Genevieve Parker, welcomed into the church and challenged to lead
Through the CCO, I have found hope for my work. I know that God cares about my studies. He sees every square inch of my life and redeems it for His purposes.
Genevieve Parker connected to the CCO’s ministry soon after arriving at Carnegie Mellon University to study mechanical engineering. As she finishes her junior year, she is now a student leader of the CCO athlete fellowship group on campus, where she is being mentored by CCO staff members Jonny Cagwin and Kaleigh Ritter. She also serves Carnegie Mellon as a Community Adviser in her residence hall and is an active participant in the worshiping community of Church of the Ascension.
To lead is to serve. That’s what Christ taught, and that’s what I’ve learned from CCO staff members Jonny and Kaleigh. Watching them constantly pour into students’ lives and look for ways to serve the campus community has helped me learn what leadership looks like. They serve because they care about the people here. They are leading us to become the leaders of our own future communities.
Jonny and Kaleigh guide students to Jesus. Whenever I approach Kaleigh with a problem, I already know what she’ll say: “Have you prayed about it yet?” Jonny challenges me to keep looking for ways to impact more students every week. While both of them challenge me constantly, they also encourage me constantly.
Because of Kaleigh’s encouragement, I recently accepted a higher-level leadership role for next year in Carnegie Mellon’s residence halls. I had a lot of insecurities about my abilities as a leader and a decision-maker, and I discouraged myself from applying by believing these insecurities. Thankfully, I talked to Kaleigh about the position. She addressed every one of my worries by pointing out a specific instance in which I had proved to be strong in each area I was insecure about.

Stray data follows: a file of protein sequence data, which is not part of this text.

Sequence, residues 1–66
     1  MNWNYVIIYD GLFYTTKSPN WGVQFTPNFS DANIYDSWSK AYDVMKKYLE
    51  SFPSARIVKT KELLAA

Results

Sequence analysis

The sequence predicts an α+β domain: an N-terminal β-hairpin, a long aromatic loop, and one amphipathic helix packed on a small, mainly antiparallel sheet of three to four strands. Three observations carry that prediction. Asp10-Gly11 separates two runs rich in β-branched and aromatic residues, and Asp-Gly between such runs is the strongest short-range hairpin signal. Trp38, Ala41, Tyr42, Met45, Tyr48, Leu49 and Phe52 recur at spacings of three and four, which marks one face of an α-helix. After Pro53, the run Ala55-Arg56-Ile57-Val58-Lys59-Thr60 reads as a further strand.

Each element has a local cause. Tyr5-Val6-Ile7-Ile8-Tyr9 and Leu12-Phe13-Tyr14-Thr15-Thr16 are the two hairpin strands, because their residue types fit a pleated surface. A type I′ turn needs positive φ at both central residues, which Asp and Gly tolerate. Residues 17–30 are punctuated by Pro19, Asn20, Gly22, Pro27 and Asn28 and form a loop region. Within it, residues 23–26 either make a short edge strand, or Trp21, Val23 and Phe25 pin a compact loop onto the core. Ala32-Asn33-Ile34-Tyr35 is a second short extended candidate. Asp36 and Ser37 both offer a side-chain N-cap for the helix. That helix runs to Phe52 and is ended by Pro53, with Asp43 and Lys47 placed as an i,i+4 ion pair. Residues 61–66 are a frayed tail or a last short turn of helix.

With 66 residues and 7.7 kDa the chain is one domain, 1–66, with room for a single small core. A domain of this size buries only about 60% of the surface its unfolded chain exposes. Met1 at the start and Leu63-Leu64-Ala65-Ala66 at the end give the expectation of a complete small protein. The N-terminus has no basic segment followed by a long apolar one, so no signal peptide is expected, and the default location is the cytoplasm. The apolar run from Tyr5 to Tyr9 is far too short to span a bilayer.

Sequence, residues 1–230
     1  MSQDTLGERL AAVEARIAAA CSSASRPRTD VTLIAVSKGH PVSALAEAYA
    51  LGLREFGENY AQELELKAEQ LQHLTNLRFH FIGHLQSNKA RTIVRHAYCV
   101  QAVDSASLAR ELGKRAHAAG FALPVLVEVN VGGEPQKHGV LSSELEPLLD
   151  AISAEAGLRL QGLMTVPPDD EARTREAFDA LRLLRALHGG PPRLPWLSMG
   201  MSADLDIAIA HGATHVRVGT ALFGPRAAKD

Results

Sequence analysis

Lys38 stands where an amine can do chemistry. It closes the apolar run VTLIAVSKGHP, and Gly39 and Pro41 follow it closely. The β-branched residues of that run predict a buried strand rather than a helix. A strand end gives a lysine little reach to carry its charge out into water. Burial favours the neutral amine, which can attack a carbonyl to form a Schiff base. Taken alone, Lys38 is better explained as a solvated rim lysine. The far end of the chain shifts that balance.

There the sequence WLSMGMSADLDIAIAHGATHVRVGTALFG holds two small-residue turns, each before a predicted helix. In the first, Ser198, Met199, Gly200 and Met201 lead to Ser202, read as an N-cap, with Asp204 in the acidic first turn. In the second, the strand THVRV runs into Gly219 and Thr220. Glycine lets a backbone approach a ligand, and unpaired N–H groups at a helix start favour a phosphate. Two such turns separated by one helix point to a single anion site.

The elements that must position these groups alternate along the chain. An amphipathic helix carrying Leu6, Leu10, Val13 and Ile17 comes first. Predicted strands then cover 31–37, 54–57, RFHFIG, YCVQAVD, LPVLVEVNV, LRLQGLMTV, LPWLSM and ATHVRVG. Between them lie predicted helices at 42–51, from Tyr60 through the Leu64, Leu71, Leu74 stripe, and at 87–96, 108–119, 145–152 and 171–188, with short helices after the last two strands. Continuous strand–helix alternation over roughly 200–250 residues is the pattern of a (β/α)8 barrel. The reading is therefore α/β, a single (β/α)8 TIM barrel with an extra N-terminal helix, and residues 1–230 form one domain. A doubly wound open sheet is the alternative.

I’ve been a student leader in the ministry for two years. I’ve found a community of believers that supports me, and thanks to Jonny, I’ve found a church home with the most encouraging people. It was this feeling of belonging and family that kept me coming back to Church of the Ascension. Now I am involved in helping with scripture reading and communion during services, and I’ve attended a few classes and retreats. I was even “adopted” by a family in the congregation.
The CCO has helped me figure out that I can serve God as an engineer. I knew that every kind of work was meaningful to God, and I knew I was passionate about engineering. Even so, I had not considered that the field of engineering had its own story of brokenness and redemption. The beauty of God’s design in creation encourages me, and the realities of the brokenness in engineering remind me of our need for a Savior.
God is the perfect engineer. Everything He makes is designed well to do its job. Yet when I look at the Challenger disaster or the Tacoma Narrows Bridge collapse, I am hit with the disturbing truth that sin has soiled God’s design.
Praise God that the story doesn’t end there! I can look at how far engineering has come, how much we have progressed in areas of safety precaution, efficiency, and technology, and I can see God at work. Jesus has redeemed my career and will one day restore it to perfection.
Through the CCO, I have found hope for my work. I know that God cares about my studies and even encourages me to lead in this field. He sees every square inch of my life and redeems it for His purposes.
As I prepare to enter into work within the Department of Defense, an area that has a critical impact on many lives, I will rely on God’s redemption to help me do my work well.